Peter J. Smith

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Former army law chief ‘can’t imagine anything more damaging’ than abandoning ‘don’t ask don’t tell’

Peter J. Smith

WASHINGTON, D.C., December 2, 2010 (LifeSiteNews.com) – A retired head of the U.S. Army’s criminal justice division has blasted the new Pentagon report on ‘don’t ask don’t tell’ for saying that concerns over open homosexuality in the armed forces were “exaggerated.”

Retired U.S. Army Col. Dick Black said he strongly disagrees with the assertion that military members’ concerns over open homosexuality in the ranks are “driven by misperceptions and stereotypes.” He made the remarks at a press conference hosted by Family Research Council on Wednesday.

In the executive report on the Pentagon’s study on how to repeal the 1993 law banning homosexuality, commonly referred by the name “don’t ask, don’t tell” (DADT), U.S. Army Gen. Carter F. Ham, and Jeh Charles Johnson, General Counsel for the Department of Defense, had written that concerns over open homosexual service were “exaggerated” and not consistent with the experiences of other service members.

“Repeatedly, we heard Service members express the view that ‘open’ homosexuality would lead to widespread and overt displays of effeminacy among men, homosexual promiscuity, harassment and unwelcome advances within units, invasions of personal privacy, and an overall erosion of standards of conduct, unit cohesion, and morality,” they wrote.

But Black took aim at Ham and Johnson’s remarks, saying they were “simply ignoring history on this matter.”

In 1993 the former chief conducted an exhaustive study of courts martial involving crimes perpetrated by homosexuals. “We found 102 convictions, serious convictions, over a four year period. About two-thirds of those offenses occurred on military installations, and about 84 percent were forcible attacks,” he said.

“The victims who spoke out, about half were fellow soldiers, half were children. About three quarters of the crimes were committed right in the barracks. Two-thirds involved senior officers or NCOs who would use the influence of their superior rank to coerce subordinates into having sex or submitting to sex.”

Black explained that in at least six cases, the assailants were HIV-positive, posing a further danger to their victims. His division also found 22 cases where the victims were assaulted while sleeping in the barracks.

In one egregious example, a pair of homosexual soldiers attacked a recruit showering alone at night. They strangled him into submission before perpetrating a sexual assault so traumatic that the victim was still recovering in a psychiatric hospital, said Black.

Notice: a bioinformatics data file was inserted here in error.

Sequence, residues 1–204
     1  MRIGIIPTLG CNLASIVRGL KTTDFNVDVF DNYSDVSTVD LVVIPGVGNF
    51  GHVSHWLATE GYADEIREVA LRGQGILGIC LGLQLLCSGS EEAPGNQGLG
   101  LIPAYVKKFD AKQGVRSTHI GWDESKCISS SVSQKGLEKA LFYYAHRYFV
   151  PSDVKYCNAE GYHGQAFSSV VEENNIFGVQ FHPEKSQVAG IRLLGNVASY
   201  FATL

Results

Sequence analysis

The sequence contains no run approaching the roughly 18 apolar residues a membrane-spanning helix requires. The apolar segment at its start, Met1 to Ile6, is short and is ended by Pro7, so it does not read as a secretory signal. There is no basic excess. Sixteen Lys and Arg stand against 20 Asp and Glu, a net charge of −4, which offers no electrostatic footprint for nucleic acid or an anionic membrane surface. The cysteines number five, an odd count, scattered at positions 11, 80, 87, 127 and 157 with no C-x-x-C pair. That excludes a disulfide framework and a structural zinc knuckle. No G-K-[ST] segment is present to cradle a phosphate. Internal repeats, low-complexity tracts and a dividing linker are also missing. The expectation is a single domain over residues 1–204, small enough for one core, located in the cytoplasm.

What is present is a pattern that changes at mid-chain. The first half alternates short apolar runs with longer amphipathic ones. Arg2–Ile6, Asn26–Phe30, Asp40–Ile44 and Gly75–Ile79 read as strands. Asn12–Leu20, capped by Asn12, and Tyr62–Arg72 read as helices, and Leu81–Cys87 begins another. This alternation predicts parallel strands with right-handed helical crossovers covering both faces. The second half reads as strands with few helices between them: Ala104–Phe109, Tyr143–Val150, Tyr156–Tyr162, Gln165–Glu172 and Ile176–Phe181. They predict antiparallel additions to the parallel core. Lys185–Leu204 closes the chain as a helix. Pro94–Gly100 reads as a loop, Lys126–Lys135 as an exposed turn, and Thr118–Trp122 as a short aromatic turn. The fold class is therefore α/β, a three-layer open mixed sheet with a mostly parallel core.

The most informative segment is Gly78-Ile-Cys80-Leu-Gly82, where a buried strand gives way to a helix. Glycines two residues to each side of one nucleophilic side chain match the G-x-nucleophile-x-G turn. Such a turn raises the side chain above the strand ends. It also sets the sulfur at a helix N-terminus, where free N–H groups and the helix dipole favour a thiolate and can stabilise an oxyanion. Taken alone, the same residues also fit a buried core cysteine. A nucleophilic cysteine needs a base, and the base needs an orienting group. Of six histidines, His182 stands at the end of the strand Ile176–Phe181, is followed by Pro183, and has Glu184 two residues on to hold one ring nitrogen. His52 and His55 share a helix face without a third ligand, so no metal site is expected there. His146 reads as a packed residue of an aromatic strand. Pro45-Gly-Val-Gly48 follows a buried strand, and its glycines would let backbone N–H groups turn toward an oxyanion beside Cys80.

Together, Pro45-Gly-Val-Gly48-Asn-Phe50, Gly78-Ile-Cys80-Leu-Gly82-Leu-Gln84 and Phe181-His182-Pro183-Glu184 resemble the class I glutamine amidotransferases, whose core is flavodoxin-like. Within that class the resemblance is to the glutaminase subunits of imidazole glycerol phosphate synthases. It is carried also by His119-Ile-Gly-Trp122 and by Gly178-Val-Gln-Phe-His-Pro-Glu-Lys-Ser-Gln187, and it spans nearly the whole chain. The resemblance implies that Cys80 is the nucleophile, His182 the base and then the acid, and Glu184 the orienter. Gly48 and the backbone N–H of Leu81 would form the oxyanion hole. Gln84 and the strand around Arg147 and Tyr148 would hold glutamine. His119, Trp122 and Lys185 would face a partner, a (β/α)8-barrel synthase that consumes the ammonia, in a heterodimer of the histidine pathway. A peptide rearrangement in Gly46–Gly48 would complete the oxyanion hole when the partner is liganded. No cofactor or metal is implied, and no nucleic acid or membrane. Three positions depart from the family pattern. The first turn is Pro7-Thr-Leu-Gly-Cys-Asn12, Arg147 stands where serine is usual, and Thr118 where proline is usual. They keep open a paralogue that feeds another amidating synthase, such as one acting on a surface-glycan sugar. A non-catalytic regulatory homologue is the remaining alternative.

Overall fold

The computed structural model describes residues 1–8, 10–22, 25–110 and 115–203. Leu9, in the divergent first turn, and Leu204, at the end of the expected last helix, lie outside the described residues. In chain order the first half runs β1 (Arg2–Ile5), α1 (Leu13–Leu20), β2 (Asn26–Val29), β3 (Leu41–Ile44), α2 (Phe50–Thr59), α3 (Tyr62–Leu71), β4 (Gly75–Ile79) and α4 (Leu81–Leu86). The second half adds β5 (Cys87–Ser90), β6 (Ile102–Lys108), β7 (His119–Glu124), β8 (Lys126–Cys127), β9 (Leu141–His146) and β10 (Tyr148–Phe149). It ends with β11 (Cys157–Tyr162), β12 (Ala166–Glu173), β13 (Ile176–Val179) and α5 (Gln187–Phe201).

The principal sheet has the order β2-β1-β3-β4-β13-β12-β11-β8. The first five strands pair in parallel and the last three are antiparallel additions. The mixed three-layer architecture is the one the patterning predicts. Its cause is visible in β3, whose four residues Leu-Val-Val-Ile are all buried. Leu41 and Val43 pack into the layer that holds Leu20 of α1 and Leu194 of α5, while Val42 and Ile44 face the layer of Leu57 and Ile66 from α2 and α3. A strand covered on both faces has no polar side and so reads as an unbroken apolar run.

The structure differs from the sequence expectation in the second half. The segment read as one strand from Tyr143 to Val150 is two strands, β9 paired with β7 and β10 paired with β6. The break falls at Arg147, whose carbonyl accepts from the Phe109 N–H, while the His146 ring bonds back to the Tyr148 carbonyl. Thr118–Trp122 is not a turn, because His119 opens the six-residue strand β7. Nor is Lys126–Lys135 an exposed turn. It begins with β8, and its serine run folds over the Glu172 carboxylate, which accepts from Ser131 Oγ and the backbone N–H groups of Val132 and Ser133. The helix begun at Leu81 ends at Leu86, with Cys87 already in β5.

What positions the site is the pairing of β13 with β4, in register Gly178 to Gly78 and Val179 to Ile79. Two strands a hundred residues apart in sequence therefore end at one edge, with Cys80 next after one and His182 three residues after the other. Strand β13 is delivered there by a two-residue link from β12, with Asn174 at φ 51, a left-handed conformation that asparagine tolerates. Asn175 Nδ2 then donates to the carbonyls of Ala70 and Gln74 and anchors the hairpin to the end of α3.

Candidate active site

“For people to say they will simply ignore the comments of the military personnel, who have expressed concerns, is simply ignoring history on this matter.”

Black also disputed the report’s contention that the integration of open homosexuals into the military presents the same challenge as integrating women, saying, “it is simply no comparison.” He explained that women and men are separated in showers and in the barracks. “But homosexuals will eat, sleep, and shower in close quarters where same-sex attractions will invite serious trouble.”

He pointed out that most generals and admirals have voiced adamant opposition to allowing homosexuals to serve, and 1160 of them have petitioned Congress to keep DADT in place. “These people are not ideological. They are pragmatic.”

Black also added that Congress only codified the military’s policy on banning homosexual service in 1993, but that there had been a long-standing tradition against it as far back as the Revolutionary War.

Although Gen. George Washington was “desperate for every musket” to fight the British Army, Black said he adopted regulations against sodomy. “He recognized that the disruption caused by homosexuals within the armed forces was so great that it was a net negative, not a net positive.”

Black’s military career first began with the U.S. Marines during Vietnam, where he fought in hundreds of ground and air combat missions, and served aboard four naval vessels before his JAG career in the US Army.

“I cannot imagine anything more damaging to military disciple and order than lifting the ban on homosexuals in service,” he concluded.


The full Pentagon report on DADT repeal is available here.

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